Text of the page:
By Doug Hissom Special to Published Dec 10, 2008 at 8:18 AM

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The Milwaukee County Parks Department needed its own economic bailout to the tune of $315.

The Parks Department had to suspend its effort to rid Jacobus Park of invasive species the likes of buckthorn and honeysuckle since it ran out of money for herbicides. There was no remaining money in the budget for the herbicide Garlon 4 and the effort came to a "screeching halt," according to Jim Price of the Parks People.

"There is no remaining budget to buy more Garlon, and with more cuts in next year's budget, no prospect of getting more within the foreseeable future," he said.

The Charles Jacobus Neighborhood Association chipped in the money this week to finish the job, but Price warns, "one neighborhood group can in no way address a system-wide problem."

Public Ousted from Public Building: There may be some clause in the lease to allow the Zilli family to close the Coast restaurant in the O'Donnell Park Pavilion so it can make more money offering only private events, but nonetheless it seems a betrayal of the public trust.

The pavilion was built with tax dollars and specifically offered a restaurant that was open to the public and had one of the more spectacular views of the lake of any restaurant in town. The bar was a particularly good place to go for the view and the drinks.

Zilli Hospitality, which has operated the Coast restaurant on the pavilion since 2003, announced last week that it was only going to open the space to private parties, meaning the rest of us are essentially denied access to a building we paid for.

Cleaning Up Ethics Code: Many city officials have flaunted The City of Milwaukee ethics code and its requirement that they file financial disclosure statements.

"People just seemed to ignore the deadline," said Dwight Ellis, chair of the city's ethics board.

Withholding pay is the only hammer the board has to get people to comply with the code but the city attorney's office opined in June that withholding pay wasn't enforceable.

The board asked the Common Council for permission to rewrite the rules and now the city officials face fines, imprisonment and fees for late filing.

Cigarette Tax Up in Smoke: One Milwaukee alderman's attempt to ask the state Legislature to allow the city to charge taxes on smokes was merely a pipe dream. Ald. Terry Witkowski did the math and saw he didn't have enough votes at the Council's Judiciary Committee hearing on his idea and asked that his plan be tabled.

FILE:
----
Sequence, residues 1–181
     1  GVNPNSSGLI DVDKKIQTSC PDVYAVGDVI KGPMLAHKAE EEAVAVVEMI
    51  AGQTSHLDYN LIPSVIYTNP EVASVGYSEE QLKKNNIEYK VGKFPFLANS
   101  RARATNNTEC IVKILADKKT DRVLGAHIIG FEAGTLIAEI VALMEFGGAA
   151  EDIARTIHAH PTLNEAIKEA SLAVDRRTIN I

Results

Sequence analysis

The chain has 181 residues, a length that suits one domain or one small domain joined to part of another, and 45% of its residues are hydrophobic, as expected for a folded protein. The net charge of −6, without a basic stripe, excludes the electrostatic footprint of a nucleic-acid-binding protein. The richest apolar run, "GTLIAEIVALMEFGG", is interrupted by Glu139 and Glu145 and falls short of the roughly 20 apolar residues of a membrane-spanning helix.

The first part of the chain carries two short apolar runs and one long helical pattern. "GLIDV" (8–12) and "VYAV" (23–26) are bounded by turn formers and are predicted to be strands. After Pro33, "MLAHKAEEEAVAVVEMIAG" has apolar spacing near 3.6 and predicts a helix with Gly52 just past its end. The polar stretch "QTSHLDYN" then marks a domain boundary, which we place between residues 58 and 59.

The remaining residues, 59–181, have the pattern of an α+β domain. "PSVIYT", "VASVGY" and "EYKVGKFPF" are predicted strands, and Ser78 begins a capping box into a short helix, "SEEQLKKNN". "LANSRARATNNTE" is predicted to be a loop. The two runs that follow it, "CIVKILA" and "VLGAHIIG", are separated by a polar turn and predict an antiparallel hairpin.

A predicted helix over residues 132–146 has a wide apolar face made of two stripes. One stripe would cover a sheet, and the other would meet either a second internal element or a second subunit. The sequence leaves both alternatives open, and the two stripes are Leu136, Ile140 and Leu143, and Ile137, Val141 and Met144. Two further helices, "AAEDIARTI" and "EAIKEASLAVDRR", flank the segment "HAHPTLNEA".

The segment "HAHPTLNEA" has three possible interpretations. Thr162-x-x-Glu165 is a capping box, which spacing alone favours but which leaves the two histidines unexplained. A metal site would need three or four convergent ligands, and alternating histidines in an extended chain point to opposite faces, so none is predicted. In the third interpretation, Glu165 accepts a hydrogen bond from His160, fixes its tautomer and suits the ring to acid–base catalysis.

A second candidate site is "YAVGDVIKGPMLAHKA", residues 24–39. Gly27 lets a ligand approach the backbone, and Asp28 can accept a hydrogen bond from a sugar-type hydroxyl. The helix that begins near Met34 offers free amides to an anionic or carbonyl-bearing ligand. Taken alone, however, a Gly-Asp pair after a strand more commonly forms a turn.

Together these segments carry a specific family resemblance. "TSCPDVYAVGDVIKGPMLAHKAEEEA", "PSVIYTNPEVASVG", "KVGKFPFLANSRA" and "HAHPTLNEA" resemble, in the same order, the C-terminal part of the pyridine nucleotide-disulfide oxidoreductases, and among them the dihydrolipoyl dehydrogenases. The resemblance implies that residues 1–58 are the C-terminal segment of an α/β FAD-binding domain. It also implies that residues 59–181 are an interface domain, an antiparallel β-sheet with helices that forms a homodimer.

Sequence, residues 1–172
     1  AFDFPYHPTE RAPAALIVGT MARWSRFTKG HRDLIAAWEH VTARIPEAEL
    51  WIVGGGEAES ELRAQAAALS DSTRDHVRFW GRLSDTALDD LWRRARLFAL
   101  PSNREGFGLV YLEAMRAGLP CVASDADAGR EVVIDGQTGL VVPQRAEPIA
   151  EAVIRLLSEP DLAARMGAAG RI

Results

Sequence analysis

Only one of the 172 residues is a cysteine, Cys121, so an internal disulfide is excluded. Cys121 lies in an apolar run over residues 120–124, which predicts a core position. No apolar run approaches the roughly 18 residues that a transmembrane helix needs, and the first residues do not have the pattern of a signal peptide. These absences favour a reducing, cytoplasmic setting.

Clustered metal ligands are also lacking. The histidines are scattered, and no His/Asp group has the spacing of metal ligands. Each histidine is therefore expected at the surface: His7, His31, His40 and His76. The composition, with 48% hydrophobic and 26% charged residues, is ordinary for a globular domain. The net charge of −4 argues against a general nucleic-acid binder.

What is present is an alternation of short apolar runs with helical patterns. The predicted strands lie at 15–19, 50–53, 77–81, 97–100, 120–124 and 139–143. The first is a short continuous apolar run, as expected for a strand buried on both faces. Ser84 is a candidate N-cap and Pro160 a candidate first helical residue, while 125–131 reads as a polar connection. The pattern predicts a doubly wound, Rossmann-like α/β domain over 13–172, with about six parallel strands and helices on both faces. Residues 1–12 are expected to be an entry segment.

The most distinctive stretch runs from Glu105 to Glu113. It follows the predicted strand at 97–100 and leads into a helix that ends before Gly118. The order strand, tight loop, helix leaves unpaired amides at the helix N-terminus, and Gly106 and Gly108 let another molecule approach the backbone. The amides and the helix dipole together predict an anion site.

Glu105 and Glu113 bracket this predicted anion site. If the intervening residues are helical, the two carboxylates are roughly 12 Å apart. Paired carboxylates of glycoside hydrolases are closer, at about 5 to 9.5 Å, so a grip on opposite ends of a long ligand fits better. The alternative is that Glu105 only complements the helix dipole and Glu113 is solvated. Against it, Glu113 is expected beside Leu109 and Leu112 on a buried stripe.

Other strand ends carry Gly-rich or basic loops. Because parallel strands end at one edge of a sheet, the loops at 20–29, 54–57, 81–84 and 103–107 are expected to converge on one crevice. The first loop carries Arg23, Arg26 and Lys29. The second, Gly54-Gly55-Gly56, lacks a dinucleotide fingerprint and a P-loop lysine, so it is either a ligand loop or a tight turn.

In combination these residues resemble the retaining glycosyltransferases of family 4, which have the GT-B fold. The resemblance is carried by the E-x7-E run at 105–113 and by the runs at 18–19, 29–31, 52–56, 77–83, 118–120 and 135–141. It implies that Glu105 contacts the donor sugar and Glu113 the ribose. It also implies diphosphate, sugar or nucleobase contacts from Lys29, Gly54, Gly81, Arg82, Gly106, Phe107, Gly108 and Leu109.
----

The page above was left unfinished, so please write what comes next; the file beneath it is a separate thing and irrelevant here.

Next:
Witkowski's was a simple resolution that would have directed the city's lobbyists to add a cigarette tax request to the city's legislative agenda.

Witkowski had some help from the Legislative Reference Bureau's Richard Withers, who told the committee that raising taxes, while giving Milwaukee some $4 million in extra revenue, would also reduce house fires, garbage costs for picking up butts because it would deter smoking.

"Every taxpayer in the city is paying for those smoking-related fires," argued Witkowski.

That didn't fly with committee members.

"It doesn't deal with the outgrowth of young people that choose to smoke in the first place ... It does nothing to address the marketing," offered Ald. Joe Davis, who said the city should ban smoking in public places altogether.

Ald. Jim Bohl said the idea would just "spin its wheels" in Madison anyway and the city should focus on just a few legislative priorities so lawmakers get the message about what Milwaukee wants.

Working With a Vengeance: Here's an interesting labor strategy: occupy your workplace. Last week, workers at Republic Windows and Doors in Chicago occupied their factory, which was set to close on Friday. The workers are fighting for pay for lost vacation days and for the 75 days' notice they are guaranteed under Illinois law.

Wisconsin has a 90-day plant closing notice law.

The workers plan to occupy the plant until they hear the results of the next round of negotiations. Prayer vigils were scheduled over the weekend and community members were picketing outside.

Doug Hissom Special to
Doug Hissom has covered local and state politics for 20 years. Over the course of that time he was publisher, editor, news editor, managing editor and senior writer at the Shepherd Express weekly paper in Milwaukee. He also covered education and environmental issues extensively. He ran the UWM Post in the mid-1980s, winning a Society of Professional Journalists award as best non-daily college newspaper.

An avid outdoors person he regularly takes extended paddling trips in the wilderness, preferring the hinterlands of northern Canada and Alaska. After a bet with a bunch of sailors, he paddled across Lake Michigan in a canoe.

He lives in Bay View.